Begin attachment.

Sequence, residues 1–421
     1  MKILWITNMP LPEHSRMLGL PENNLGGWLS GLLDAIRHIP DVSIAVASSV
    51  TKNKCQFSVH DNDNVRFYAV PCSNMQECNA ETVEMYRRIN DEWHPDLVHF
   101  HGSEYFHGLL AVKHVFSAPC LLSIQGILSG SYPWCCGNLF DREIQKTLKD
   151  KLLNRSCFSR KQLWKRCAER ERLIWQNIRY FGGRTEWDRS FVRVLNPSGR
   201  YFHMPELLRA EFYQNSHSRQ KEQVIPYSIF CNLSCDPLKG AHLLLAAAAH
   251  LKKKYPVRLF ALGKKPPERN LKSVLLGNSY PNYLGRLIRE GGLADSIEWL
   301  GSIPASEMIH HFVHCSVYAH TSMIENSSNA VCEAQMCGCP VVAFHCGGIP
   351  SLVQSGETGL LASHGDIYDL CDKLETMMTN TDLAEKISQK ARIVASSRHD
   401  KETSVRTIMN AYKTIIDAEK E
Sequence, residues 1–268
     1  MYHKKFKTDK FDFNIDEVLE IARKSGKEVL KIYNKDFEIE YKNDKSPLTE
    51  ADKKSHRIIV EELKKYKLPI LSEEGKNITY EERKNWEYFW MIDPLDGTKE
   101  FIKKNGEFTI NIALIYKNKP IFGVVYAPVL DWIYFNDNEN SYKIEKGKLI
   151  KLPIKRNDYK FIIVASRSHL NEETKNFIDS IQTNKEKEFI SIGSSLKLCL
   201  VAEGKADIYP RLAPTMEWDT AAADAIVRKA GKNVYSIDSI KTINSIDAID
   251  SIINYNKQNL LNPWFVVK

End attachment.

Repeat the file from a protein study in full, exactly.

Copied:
Sequence, residues 1–421
     1  MKILWITNMP LPEHSRMLGL PENNLGGWLS GLLDAIRHIP DVSIAVASSV
    51  TKNKCQFSVH DNDNVRFYAV PCSNMQECNA ETVEMYRRIN DEWHPDLVHF
   101  HGSEYFHGLL AVKHVFSAPC LLSIQGILSG SYPWCCGNLF DREIQKTLKD
   151  KLLNRSCFSR KQLWKRCAER ERLIWQNIRY FGGRTEWDRS FVRVLNPSGR
   201  YFHMPELLRA EFYQNSHSRQ KEQVIPYSIF CNLSCDPLKG AHLLLAAAAH
   251  LKKKYPVRLF ALGKKPPERN LKSVLLGNSY PNYLGRLIRE GGLADSIEWL
   301  GSIPASEMIH HFVHCSVYAH TSMIENSSNA VCEAQMCGCP VVAFHCGGIP
   351  SLVQSGETGL LASHGDIYDL CDKLETMMTN TDLAEKISQK ARIVASSRHD
   401  KETSVRTIMN AYKTIIDAEK E
Sequence, residues 1–268
     1  MYHKKFKTDK FDFNIDEVLE IARKSGKEVL KIYNKDFEIE YKNDKSPLTE
    51  ADKKSHRIIV EELKKYKLPI LSEEGKNITY EERKNWEYFW MIDPLDGTKE
   101  FIKKNGEFTI NIALIYKNKP IFGVVYAPVL DWIYFNDNEN SYKIEKGKLI
   151  KLPIKRNDYK FIIVASRSHL NEETKNFIDS IQTNKEKEFI SIGSSLKLCL
   201  VAEGKADIYP RLAPTMEWDT AAADAIVRKA GKNVYSIDSI KTINSIDAID
   251  SIINYNKQNL LNPWFVVK